LGBTQ+ Homeless Youth

 By Sophia Mastropaolo, Marketing and Communications Intern, National Safe Place Network

 June is a month of celebration for the lesbian, gay, bisexual, transgender, queer/questioning (LGBTQ+), and others community. Celebrating the identity and achievements of the community allows for individuals to feel pride in who they are, during a time they still need to often fight for basic needs and equality. Though this is often a joyous time for the community, it is important to acknowledge troubles that continue to plague many members. One such plague is the rate of homeless youth in the LGBTQ+ community.

 A study done at the University of Chicago shows that 40 percent of the total unaccompanied homeless youth population is made up of LGBTQ+ youth, regardless of the fact that the LGBTQ+ youth population only makes up between five and ten percent of the total youth population in America. In addition, many of these youth were forced out of their homes without a choice. UCLA Law found that 43 percent of homeless youth were kicked onto the streets due to their family’s rejection of who they are. Though they may be escaping abuse at home, their fight for survival doesn’t end once they are left to fend for themselves on dangerous streets.

 The option for an LGBTQ+ youth to go to a shelter is not a perfect one. Though it provides shelter and food for the individual, many homeless youth shelters provide relief with hidden intentions. For example, they may try to place anti-LGBTQ+ beliefs onto vulnerable minors and further increase any invalidity they may feel. It is important for a shelter to truly have the best intentions for all youth, LGBTQ+ or not, that might come under their roof. When a youth does not have a safe shelter they can turn to, they are at 120% greater risk of being robbed, beaten, or unjustly taken into the judicial system than their peers. Physical, mental, and emotional dangers await these vulnerable youth when they have nowhere else to turn.

 It can be difficult for youth to know what shelters and houses are truly safe for them as an LGBTQ+ individual. As previously mentioned, hidden intentions can cause the youth more insecurity or anxiety about who they are. However, places such as Covenant House are great for those in need. Covenant House is the “largest provider of services to youth facing homelessness in the Americas”. They are dedicated to providing a “welcoming, affirming, and safe” space for all youth, especially LGBTQ+. They are an organization dedicated to providing both short-term and long-term resources and support to help keep youth off of the dangerous streets.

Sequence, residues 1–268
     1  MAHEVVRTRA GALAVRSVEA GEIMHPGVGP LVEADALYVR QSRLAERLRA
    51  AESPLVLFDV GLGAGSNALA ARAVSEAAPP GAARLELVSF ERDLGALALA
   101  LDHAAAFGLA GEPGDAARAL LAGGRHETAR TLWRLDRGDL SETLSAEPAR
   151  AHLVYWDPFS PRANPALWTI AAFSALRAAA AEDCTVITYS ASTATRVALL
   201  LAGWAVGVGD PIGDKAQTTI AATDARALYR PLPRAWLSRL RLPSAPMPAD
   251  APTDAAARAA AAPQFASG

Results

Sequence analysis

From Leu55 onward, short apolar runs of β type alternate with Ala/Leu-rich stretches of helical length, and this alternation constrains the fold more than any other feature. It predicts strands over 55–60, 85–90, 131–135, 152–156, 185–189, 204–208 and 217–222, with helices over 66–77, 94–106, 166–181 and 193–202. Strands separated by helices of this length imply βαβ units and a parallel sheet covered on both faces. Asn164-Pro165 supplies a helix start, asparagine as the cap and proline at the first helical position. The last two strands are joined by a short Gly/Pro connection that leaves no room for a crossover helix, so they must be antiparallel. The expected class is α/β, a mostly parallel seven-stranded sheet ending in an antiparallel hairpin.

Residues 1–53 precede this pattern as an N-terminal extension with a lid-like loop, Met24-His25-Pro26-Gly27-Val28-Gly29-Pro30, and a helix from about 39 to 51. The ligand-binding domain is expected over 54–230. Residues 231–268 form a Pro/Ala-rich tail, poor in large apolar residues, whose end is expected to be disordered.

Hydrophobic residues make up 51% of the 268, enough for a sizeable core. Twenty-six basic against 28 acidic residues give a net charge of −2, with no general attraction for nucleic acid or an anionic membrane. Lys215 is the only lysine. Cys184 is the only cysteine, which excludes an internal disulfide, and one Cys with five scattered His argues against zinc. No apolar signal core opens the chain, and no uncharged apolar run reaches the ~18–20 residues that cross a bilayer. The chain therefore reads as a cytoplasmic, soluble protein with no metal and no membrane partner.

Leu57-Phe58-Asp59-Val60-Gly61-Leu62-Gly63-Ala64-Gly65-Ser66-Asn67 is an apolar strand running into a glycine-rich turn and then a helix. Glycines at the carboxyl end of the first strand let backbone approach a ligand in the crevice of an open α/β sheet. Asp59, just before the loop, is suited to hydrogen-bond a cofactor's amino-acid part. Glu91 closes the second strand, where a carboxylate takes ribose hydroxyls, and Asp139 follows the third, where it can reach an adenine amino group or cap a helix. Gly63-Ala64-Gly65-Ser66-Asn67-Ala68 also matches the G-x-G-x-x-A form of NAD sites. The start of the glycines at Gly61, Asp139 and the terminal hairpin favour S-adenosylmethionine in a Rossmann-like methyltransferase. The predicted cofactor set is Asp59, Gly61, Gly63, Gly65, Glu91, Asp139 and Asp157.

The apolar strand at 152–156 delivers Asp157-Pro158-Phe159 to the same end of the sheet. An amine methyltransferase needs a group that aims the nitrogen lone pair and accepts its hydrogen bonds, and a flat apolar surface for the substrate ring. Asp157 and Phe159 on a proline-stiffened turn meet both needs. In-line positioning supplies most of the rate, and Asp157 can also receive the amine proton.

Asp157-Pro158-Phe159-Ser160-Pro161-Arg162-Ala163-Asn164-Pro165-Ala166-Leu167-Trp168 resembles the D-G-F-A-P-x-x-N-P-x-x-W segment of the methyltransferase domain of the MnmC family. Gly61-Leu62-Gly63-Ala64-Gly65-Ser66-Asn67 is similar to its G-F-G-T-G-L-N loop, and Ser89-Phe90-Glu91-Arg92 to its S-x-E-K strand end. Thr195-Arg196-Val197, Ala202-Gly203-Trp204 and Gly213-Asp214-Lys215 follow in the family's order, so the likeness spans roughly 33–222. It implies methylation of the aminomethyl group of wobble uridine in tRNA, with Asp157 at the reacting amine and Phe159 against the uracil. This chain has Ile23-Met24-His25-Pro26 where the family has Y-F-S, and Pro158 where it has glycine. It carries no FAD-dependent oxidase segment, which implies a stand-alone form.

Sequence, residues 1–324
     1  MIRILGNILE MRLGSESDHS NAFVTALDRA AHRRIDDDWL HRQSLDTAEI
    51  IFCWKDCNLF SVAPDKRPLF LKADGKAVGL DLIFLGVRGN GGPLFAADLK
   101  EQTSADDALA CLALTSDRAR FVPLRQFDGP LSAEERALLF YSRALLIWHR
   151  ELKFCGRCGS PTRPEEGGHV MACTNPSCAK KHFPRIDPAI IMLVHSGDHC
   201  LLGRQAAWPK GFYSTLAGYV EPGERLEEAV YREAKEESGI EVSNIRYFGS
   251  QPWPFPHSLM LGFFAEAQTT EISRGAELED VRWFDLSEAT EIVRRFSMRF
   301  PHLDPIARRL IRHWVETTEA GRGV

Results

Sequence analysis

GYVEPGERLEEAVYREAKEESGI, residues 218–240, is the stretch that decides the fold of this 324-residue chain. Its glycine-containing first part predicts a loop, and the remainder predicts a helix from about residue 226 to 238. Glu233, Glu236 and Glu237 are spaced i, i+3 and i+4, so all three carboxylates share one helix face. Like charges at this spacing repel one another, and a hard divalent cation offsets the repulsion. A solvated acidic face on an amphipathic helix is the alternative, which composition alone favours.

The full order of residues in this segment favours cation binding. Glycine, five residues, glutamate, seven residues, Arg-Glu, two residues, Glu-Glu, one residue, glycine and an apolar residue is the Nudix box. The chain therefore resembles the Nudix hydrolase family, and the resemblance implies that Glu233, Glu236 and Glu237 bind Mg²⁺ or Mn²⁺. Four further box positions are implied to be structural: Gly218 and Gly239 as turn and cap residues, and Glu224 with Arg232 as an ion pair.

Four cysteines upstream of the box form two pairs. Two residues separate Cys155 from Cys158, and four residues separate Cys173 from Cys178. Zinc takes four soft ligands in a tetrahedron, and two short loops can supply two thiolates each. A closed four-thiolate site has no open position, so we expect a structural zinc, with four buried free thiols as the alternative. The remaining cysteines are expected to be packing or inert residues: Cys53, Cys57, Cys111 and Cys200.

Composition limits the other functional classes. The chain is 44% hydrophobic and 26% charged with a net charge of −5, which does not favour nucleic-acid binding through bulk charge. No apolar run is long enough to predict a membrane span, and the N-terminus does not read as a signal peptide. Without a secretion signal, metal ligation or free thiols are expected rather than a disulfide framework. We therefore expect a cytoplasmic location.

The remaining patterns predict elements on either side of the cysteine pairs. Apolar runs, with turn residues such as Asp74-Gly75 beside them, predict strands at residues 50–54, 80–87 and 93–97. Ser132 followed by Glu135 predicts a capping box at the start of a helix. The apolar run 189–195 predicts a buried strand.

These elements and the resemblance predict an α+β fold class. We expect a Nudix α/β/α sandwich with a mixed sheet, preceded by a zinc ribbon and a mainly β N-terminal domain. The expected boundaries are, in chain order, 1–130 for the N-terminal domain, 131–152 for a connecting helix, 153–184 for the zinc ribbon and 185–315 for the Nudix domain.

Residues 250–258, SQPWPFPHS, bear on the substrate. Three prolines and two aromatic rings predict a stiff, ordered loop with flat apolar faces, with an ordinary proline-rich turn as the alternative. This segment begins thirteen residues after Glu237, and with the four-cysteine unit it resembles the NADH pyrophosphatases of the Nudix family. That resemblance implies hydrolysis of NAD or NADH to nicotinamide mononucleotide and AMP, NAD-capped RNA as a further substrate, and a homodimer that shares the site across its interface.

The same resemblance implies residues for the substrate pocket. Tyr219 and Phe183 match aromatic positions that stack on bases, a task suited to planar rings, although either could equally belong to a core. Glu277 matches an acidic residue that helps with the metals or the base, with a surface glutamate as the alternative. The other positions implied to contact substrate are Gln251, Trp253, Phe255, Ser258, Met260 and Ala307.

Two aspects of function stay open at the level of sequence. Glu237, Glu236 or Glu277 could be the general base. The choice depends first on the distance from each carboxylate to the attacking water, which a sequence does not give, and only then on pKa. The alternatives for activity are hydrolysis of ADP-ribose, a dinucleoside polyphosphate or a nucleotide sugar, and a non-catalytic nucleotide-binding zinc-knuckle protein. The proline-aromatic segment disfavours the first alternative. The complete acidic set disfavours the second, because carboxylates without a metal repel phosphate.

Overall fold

Under the current administration, the Department of Housing and Urban Development (HUD) has recently announced plans to propose a rule change which would allow for HUD-funded homeless shelters to deny transgender applicants on religious grounds or demand they use bathrooms and bedding areas conflicting with their personal gender identity. Though this proposal has yet to be approved, this loss of protection for transgender individuals would put them at risk for further discrimination inside HUD-funded homeless shelters, places meant for safety. In addition, it could force higher numbers of trans youth onto the streets and back into danger and violence.

 Though this rule change proposal feels like a regression in equal rights, let’s take a moment to acknowledge all the hard-work put towards helping homeless LGBTQ+ youth. For example, sock brand Bombas has donated a pair of socks to homeless shelters for every pair of socks bought from them since 2013. Recently, Bombas has released rainbow socks for the duration of Pride Month in celebration of the community. However, their support doesn’t end with fun colored socks. They have pledged to donate 40 percent of all socks donated to LGBTQ+ youth homeless shelters specifically. Though socks may be something we view as trivial, unused clothes are often the donation most highly requested by shelters.

 Another great foundation working to raise awareness for and to fight against LGBTQ+ youth homelessness is Happy Hippies, an organization founded by Miley Cyrus. Happy Hippies provides resources and programs to vulnerable LGBTQ+ youth, allowing for them to find help in crises, support services, public education, and resources needed to meet basic needs. As a privately funded foundation, 100 percent of donations to Happy Hippies are able to directly benefit those in need.

During this month of celebration, we must keep in mind those who have fought for themselves and their identities in more ways than one. As an ally, it is important to never diminish the struggles of those who may not have anyone to tell them that who they are is perfectly okay. It is important to listen, with open ears and an open heart, to their story and to what they need. Not everyone is in the position to take an LGBTQ+ youth in as a foster child, nor is it expected of everyone, but directing them to different resources or even simply showing them love in a cold world could be enough to change their life. 

Visit for resources for families, youth, and providers. 

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